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Archive for the ‘Patent’ Category

By Michael Hoven Facebook’s “Sponsored Stories” Settlement Rejected by Court District Judge Richard Seeborg of the Northern District of California rejected a $20 million settlement of a class-action suit against Facebook over its “Sponsored Stories” feature, reports Wired. In his order, Judge Seeborg questioned the fairness of the proposed settlement, under which Facebook would pay $10 million in attorney’s fees and $10 million to charity, to class members, especially given the size of the award to plaintiffs’ attorneys and the ... Read More...
Posted On Aug - 20 - 2012 Comments Off READ FULL POST
By Charlie Stiernberg Proposed SHIELD Act Would Require Non-Practicing Entities to Pay Legal Costs The Saving High-Tech Innovators from Egregious Legal Disputes Act of 2012 (“SHIELD Act”) aims to deter non-practicing entities (“NPEs”)—patent holders that do not make, use, or sell their claimed invention—from filing lawsuits by requiring such plaintiffs to pay successful defendants’ attorney fees, if a court determines that the suit did not have a reasonable likelihood of succeeding. Congressman Peter Defazio (D-OR) introduced H.R. 6245 on August ... Read More...
Posted On Aug - 13 - 2012 Comments Off READ FULL POST
Third Circuit Subjects Reverse Payments to Strict Antitrust Scrutiny By Jie Zhang – Edited by Charlie Stiernberg In Re: K-Dur Antitrust Litigation, No. 10-2077 (3d Cir. July 16, 2012) Slip opinion The Third Circuit Court of Appeals reversed the summary judgment of the United States District Court for the District of New Jersey, which had rejected an antitrust challenge to a reverse payment agreement between the K-Dur patent holder Schering-Plough Corporation (“Schering”) and the generic drug manufacturer Upsher-Smith Laboratories (“Upsher”) ... Read More...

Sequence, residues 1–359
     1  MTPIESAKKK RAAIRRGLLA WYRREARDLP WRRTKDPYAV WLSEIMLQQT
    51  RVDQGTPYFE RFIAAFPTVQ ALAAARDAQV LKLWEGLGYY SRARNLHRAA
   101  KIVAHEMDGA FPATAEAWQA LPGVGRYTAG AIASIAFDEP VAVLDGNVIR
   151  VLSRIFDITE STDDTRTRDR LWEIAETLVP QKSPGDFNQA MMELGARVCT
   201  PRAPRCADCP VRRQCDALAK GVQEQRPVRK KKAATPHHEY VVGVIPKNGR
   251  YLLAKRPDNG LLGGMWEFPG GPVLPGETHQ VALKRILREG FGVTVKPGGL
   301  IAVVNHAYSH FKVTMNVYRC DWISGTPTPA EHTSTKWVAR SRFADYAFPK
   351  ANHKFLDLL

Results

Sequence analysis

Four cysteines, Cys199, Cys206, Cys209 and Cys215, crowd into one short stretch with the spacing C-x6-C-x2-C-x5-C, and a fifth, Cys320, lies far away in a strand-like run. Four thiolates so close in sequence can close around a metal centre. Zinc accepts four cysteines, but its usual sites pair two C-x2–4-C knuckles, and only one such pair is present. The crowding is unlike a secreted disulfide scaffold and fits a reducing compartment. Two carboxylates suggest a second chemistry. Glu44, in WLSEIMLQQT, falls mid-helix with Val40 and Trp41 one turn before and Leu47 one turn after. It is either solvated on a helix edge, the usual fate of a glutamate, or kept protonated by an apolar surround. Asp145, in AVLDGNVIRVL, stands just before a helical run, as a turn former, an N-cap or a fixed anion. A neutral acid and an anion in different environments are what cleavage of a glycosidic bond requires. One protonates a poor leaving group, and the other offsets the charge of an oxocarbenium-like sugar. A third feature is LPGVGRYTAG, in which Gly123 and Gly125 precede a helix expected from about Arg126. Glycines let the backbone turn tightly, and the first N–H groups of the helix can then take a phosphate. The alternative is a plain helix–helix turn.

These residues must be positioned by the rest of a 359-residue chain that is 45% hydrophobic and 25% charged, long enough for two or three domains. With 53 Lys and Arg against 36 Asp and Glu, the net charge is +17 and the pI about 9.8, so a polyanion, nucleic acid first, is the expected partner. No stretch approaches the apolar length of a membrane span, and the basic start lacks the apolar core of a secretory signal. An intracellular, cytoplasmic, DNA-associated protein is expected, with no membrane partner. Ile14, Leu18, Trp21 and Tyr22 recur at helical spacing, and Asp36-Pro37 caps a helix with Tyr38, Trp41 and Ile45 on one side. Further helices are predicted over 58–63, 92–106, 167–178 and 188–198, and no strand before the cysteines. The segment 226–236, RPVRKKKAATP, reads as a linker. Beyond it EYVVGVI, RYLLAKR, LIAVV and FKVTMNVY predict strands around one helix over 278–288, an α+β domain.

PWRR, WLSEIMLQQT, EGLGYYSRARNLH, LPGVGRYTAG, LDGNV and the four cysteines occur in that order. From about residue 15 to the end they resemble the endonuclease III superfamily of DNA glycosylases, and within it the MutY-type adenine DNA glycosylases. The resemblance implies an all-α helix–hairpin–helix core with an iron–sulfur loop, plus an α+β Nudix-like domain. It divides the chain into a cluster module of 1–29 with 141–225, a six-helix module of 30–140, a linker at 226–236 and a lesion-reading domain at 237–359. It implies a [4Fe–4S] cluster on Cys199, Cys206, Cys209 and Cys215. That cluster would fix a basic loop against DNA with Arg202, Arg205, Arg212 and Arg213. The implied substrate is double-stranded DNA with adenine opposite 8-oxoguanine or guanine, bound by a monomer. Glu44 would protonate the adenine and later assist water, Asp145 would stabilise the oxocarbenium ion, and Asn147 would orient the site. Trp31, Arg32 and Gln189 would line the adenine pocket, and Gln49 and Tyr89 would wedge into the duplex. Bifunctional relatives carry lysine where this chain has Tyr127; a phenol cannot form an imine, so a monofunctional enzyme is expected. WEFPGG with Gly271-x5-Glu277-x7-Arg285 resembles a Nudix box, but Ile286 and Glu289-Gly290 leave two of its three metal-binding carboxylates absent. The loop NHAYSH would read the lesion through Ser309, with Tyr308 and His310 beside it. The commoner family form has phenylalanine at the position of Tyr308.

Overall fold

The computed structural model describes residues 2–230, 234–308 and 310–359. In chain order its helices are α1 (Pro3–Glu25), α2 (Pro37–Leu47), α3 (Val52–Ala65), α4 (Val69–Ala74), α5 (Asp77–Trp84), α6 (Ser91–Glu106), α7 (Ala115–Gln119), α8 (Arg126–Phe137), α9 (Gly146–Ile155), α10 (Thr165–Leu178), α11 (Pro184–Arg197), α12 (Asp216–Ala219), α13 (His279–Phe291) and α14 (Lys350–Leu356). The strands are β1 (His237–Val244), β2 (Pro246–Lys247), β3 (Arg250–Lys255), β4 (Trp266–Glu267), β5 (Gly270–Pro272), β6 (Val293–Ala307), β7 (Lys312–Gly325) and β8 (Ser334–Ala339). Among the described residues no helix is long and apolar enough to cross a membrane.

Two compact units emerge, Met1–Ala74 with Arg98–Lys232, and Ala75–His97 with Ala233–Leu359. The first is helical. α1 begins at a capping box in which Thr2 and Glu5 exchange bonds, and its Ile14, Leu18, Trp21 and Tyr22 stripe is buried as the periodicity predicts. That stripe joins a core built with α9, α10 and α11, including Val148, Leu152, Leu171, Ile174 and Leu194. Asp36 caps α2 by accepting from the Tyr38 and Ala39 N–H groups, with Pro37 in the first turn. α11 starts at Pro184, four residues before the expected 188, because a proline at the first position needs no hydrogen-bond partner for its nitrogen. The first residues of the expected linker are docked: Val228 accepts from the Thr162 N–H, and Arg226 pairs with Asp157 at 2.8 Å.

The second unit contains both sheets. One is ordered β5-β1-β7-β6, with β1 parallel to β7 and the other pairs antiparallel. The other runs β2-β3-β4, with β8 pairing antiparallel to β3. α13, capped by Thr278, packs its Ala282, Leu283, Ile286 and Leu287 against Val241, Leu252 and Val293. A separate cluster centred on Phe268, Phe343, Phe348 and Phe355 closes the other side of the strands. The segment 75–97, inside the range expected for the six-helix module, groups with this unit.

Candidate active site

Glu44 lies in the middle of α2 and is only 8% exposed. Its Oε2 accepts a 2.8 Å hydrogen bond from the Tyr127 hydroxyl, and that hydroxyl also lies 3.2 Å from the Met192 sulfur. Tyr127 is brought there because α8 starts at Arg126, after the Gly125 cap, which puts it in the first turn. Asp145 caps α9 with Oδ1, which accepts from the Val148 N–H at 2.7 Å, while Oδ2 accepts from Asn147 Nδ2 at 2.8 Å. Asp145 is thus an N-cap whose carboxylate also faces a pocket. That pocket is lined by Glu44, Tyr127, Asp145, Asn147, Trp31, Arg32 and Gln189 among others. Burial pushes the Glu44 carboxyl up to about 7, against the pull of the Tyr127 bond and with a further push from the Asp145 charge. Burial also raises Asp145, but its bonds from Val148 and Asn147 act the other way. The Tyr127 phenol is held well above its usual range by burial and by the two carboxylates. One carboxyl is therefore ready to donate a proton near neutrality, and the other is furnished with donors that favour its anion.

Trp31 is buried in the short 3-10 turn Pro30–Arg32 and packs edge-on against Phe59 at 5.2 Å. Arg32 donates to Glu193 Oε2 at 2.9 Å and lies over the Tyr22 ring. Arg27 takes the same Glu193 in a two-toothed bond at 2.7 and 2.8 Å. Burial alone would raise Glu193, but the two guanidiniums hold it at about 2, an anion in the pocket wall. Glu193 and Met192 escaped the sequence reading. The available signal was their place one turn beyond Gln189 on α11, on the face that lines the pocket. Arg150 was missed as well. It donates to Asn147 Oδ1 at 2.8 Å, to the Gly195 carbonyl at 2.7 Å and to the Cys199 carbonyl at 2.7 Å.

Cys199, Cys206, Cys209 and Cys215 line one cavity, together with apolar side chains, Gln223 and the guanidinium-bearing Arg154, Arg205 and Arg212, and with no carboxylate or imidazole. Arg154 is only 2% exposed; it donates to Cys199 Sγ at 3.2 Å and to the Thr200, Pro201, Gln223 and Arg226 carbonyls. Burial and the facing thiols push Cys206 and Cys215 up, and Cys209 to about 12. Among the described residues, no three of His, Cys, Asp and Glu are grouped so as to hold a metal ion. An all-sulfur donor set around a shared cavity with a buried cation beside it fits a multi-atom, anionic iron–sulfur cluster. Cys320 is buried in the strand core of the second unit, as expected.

Posted On Aug - 7 - 2012 Comments Off READ FULL POST
By Susanna Lichter FTC Proposes Stricter Rules for Web Sites Visited by Children The Federal Trade Commission recently proposed new regulations that would require third party advertising applications to comply with the Children’s Online Privacy Protection Act (COPPA), the New York Times reports. COPPA, which took effect in 2000, currently requires web site operators, but not website add-ons, to notify parents and obtain consent when personal information is collected from children under 13 years of age. In addition to extending ... Read More...
Posted On Aug - 7 - 2012 Comments Off READ FULL POST
The Eastern District of Texas Puts End to Eolas’ Patent Trolling By Dorothy Du – Edited by Jeffery Habenicht Eolas Techs. Inc. v. Adobe Sys., Inc., No. 6:09-cv-446 (E.D. Tex. July 19, 2012) Slip opinion (hosted by Justia.com) The United States District Court for the Eastern District of Texas denied plaintiff Eolas’s motion for judgment as a matter of law that its patents are valid or, alternatively, a new trial. Eolas Techs. Inc. v. Adobe Sys., Inc., No. 6:09-cv-446, slip. ... Read More...
Posted On Jul - 31 - 2012 Comments Off READ FULL POST
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